Logan Barer isn’t the kind of person you would peg as a cancer survivor. His loose, goofy attitude and spot on a Division III baseball roster would lead you to believe it’s always been smooth sailing for the college junior. Even through a webcam, you can still tell how laid back the baseball fanatic is. You can also tell he’s a baseball fanatic right off the bat. Decked out in a Mets jersey and a Mets hat, and the Mets game on the TV in the background, it’s not hard to guess where his allegiance lies.
“I started playing baseball at 7:10 PM, if I remember correctly,” he says with a straight face, but starts cracking up once he sees me roll my eyes and tilt my head back in exasperation. I’ve known Logan for almost eight years, but I know so little about his life before high school. As it turns out, he only lived a normal life for ten years before discovering what he thought to be a wart on his right knee in February of 2005. “I was playing basketball, or ballin’ if you will, so I had to wear shorts. I noticed this lump on my knee and I was embarrassed because I thought it was a wart so I just put a Band-Aid over it. I didn’t want anyone else to see it, because it looked like a Dixon Ticonderoga pencil eraser. We finally went to the dermatologist and had it biopsied, and that’s when we found out it was Melanoma.”
What’s almost as surprising as a nine year old getting cancer is the fact that the kid who loved baseball so much he started playing tee ball when he was four, and thought he could pitch in a tee ball game, was on a basketball court. “I was only in that rec basketball league because it was winter and it was too cold for baseball, at least according to other people. I would’ve played baseball year-round.”
He puts on a pair of gag glasses, the kind with the big bug eyes and starts talking about his glory days playing tee ball. He explains how difficult it is to bunt, and that no matter how hard you try, you just can’t strike out. “One time, I just put the bat behind the ball, but nothing happened. Even if you miss and don’t hit the ball, you end up hitting the tee and the ball just sort of falls off it. That’s the closest thing to a bunt in tee ball.” It’s always hard to tell if, and in that case, when, he uses humor as a coping mechanism, or if he’s just being the stand-up comedian wanna-be, pun aficionado he’s been for most of his life. “During my recovery, I watched a lot of movies, like old Mel Brooks comedies and Airplane!. Those definitely helped me get through it all.”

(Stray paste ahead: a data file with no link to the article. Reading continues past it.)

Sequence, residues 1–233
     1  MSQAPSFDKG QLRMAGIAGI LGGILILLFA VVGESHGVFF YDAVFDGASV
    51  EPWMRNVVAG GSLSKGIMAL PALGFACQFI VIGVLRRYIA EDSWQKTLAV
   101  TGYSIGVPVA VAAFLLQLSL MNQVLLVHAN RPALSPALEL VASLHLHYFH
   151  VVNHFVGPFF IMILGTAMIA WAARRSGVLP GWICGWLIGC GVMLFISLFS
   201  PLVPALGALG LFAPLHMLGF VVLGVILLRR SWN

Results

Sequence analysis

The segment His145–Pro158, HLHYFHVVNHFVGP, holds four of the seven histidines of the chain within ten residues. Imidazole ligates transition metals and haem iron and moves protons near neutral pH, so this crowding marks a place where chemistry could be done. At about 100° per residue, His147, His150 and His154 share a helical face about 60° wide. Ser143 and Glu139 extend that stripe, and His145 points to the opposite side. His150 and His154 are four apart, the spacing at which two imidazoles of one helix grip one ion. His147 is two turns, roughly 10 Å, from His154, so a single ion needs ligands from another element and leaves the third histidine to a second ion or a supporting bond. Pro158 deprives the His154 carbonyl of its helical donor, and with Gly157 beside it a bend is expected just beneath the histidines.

Logan abruptly stops talking and takes off the glasses. He can turn his happy-go-lucky side on and off almost seamlessly. That’s probably why his coaches like him so much. He knows when to kick back in the dugout and have a good time, but also when it’s time to buckle down and go to work. “I remember being really frightened. I was nine, so obviously hearing you have cancer is tough. You’re at the age where you’ve heard stories of cancer killing people and you don’t know the difference between them. At that point, before I was more educated, cancer was cancer. Brain cancer, lung cancer, skin cancer, it was all cancer. I thought it was all deadly. But my dermatologist, Dr. Kolenik, who I still see to this day, explained it all to me which helped reduce my fear.”